I’ve been pointing out for a while that The New York Times and Washington Post, two mainstream news outlets doing some of the best climate reporting in the United States on the newsroom side of their companies, have been creating advertising for fossil fuel firms on the in-house “branded content” ad agency side. I’ve criticized those ads as a bridge too far for newspapers doing critical reporting on climate change, but not out of concern that they affect reporters. My worry is that campaigns like these influence and mislead news audiences to believe that oil companies are spending a lot on research and development of climate solutions (which they are not, when compared to their continuing oil and gas investments), and that these solutions are further along and more of a complete climate fix than they are, and ever may be.
If Exxon did not believe that its algae-based biofuel ads improved its image, then why would it be paying T Brand Studio, The Times’ “brand marketing unit” that sells itself in part on its ability to “influence the influential,” to create them?
Whenever I talk about this, I inevitably get asked this question: Do you think outlets should just stop taking fossil fuel ads? Well, now another mainstream news outlet, The Guardian, has done just that, announcing that it will no longer accept fossil fuel advertising. #ClimateTwitter is celebrating, and Greta Thunberg herself has congratulated the paper for its decision. So why am I not happier?
I think it’s because I’ve started to realize that there is a bigger conversation to be had, one the media in general has been putting off for a long time: What does an ethical advertising policy look like in the climate change era? In a world where climate disinformation is rampant — and Exxon’s feel-good algae campaign is just a few yards away from toeing that line — what’s the role of a mainstream news outlet in educating readers about what’s behind the fossil fuel industry’s advertising campaigns?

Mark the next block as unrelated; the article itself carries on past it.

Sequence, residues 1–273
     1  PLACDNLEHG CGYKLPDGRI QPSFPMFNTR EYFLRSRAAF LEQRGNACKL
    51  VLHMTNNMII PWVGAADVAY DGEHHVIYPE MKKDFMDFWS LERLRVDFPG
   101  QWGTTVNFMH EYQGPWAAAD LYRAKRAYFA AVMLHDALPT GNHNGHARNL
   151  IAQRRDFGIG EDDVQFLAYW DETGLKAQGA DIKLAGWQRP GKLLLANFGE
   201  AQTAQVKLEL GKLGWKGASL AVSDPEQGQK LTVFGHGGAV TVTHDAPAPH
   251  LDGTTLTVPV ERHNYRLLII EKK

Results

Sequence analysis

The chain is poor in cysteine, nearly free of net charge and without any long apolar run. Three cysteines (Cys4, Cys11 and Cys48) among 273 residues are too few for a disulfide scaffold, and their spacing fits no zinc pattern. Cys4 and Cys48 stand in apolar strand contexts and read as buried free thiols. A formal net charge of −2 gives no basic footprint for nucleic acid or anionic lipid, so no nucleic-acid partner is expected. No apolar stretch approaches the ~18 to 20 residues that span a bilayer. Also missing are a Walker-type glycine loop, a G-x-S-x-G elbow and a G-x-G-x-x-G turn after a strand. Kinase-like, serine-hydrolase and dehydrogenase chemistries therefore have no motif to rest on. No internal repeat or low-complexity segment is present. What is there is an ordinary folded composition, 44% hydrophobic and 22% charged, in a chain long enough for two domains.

The Guardian has taken a bold first step. It’s commendable, especially compared to what I’ve heard from NPR, The Washington Post, and The New York Times about their responsibility for running misleading fossil fuel ads. Their responses boil down to, “We’re not doing anything illegal,” and, “We have a firewall between advertising and editorial.” Both are true, but this is hardly a gold standard on ethics. Of course, now The Guardian will need to grapple with where its new policy ends. Will it also ban automobile company ads? Bottled water? Airlines? Amazon?
Maybe there’s an opportunity here to continue communicating climate realities to readers: Ban fossil fuel ads from running with climate stories. Include a disclaimer on them where they do appear, explaining that burning fossil fuels is dangerous to the climate and public health. Debunk overstatements of what the industry is doing about its impact, and about climate change in general.
Fossil fuel companies would probably pull their ads willingly after a month of this. But in the meantime, news outlets could help their audiences think critically about these firms and their claims.
For decades, alongside the growing body of science proving the link between burning fossil fuels and climate change, Big Oil financed doubt and confusion campaigns, influencing news media to wrap the industry in a blanket of credibility. Today, those campaigns have largely evolved into more subtle efforts at image-building that still mislead, while the industry retains its enormous social license. It’s doubtful that license will be revoked simply because we don’t see or hear their ads anymore. Media may need to go beyond simply refusing to distribute industry ads to actively informing audiences of when they’re being spun.
By Amy Westervelt